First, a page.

Concern is growing over the threat that widespread plastics waste poses to marine life after conservative estimates of the overall financial damage to marine ecosystems were calculated at USD 13 billion per year. This is the headline message from two reports released by the United Nations Environment Programme (UNEP). Read more...
The 11th edition of the UNEP Year Book – ‘UNEP Year Book 2014’ – considers 10 emerging issues flagged in previous reports over the past decade, including plastics waste in the ocean. The Year Book first looked at plastics waste in the marine environment in 2011. Since then, concern over the danger of plastics has grown steadily due to increased reports of marine organisms ingesting them with fatal consequences. This year’s edition considers the emerging issue of the increased use of microplastics in consumer products, such as microbeads in toothpaste, gels and facial cleansers.
‘Valuing Plastic’, a UNEP-supported report written by the Plastic Disclosure Project and Trucost, presents the business case for managing and disclosing plastics use in the consumer goods industry. It calculates that the annual natural capital cost of plastics use in the consumer goods sector is USD 75 billion, primarily due to pollution in the marine environment and air pollution caused by incinerating plastics. While over 30% of the natural capital cost of plastics is attributable to greenhouse gas emissions from raw material extraction and processing, marine pollution is the largest downstream cost and is conservatively estimated at USD 13 billion.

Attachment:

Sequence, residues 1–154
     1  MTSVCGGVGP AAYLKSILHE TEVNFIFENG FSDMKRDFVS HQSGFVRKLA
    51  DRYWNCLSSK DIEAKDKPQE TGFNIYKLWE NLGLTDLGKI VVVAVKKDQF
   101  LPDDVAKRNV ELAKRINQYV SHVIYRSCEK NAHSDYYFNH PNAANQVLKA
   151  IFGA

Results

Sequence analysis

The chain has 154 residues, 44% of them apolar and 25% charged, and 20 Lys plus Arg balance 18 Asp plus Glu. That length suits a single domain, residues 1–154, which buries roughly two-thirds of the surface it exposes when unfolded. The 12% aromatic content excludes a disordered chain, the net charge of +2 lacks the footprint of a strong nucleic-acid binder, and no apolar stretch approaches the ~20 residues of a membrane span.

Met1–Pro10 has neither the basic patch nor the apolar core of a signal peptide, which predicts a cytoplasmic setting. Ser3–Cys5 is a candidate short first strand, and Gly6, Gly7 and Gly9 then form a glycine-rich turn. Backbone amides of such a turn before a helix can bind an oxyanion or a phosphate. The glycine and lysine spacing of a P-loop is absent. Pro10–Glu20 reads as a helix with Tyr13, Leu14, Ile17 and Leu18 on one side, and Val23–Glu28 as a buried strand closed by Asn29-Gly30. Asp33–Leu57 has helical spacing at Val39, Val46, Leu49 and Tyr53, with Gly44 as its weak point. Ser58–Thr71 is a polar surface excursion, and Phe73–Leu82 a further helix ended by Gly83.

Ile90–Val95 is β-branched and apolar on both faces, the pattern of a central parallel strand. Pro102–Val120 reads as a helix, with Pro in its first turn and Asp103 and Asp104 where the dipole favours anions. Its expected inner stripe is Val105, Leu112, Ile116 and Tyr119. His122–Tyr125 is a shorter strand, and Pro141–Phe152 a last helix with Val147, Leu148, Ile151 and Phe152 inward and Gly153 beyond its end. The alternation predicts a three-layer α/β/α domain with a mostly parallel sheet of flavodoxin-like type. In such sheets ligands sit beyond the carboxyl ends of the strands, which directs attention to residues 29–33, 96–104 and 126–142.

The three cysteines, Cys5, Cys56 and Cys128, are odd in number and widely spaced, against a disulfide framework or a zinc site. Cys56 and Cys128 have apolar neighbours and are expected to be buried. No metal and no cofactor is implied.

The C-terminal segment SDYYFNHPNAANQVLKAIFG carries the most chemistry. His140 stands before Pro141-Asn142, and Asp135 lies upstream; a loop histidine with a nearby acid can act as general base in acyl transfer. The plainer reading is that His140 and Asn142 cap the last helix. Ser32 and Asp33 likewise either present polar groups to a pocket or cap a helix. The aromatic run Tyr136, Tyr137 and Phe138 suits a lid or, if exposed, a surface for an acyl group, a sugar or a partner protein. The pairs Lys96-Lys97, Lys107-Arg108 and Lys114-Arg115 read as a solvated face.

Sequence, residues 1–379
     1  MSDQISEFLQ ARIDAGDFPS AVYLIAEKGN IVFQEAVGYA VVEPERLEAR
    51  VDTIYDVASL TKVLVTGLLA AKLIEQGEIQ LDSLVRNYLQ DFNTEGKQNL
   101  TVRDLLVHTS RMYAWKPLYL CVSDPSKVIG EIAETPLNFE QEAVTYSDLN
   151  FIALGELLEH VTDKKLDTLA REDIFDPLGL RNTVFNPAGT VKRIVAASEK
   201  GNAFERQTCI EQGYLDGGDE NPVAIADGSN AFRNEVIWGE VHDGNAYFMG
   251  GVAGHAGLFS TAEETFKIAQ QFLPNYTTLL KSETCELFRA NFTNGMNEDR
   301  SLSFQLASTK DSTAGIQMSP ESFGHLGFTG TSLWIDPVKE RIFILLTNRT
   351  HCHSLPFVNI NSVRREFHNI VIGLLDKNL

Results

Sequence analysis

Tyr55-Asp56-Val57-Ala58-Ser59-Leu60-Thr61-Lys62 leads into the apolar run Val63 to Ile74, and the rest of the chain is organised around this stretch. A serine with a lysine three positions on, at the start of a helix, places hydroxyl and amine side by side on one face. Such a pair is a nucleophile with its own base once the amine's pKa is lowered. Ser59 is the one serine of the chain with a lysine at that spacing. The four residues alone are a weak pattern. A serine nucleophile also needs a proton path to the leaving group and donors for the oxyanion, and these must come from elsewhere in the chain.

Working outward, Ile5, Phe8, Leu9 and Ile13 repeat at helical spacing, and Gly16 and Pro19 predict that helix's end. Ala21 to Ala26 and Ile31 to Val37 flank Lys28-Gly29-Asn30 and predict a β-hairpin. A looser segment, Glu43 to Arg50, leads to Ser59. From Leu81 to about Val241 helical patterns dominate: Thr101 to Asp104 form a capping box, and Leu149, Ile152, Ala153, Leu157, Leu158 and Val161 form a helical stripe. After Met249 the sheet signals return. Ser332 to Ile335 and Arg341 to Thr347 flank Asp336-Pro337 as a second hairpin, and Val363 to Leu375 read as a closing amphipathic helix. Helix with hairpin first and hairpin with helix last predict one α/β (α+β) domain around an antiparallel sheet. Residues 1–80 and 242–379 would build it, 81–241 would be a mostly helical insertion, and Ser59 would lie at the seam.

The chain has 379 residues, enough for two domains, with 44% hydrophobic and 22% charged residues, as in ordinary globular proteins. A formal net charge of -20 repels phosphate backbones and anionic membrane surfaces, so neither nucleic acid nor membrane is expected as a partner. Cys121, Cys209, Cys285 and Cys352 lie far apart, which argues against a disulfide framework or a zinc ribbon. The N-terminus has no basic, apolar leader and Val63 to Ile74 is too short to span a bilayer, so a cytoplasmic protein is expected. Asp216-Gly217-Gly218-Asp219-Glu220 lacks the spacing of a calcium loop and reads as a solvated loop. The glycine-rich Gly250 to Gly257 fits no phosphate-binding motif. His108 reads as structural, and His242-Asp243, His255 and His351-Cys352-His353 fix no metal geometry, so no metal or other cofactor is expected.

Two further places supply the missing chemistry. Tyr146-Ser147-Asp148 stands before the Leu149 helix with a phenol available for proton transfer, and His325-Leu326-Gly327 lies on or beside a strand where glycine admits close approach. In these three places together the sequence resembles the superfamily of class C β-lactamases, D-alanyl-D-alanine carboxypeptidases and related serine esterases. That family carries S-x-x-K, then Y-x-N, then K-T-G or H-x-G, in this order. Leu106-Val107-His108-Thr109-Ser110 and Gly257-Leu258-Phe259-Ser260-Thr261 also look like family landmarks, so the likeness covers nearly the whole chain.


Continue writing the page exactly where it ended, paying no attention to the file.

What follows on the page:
The two reports also make recommendations for further action to address the plastics waste issue. These include companies monitoring plastics use, publishing the results in annual reports, and committing to clear targets and deadlines to reduce the environmental impact of plastics. They also recommend that awareness campaigns to discourage littering should be more prevalent and that more emphasis should be placed on filling knowledge gaps regarding marine organisms ingesting microplastics and the dangers this represents to marine biodiversity and through the food web.
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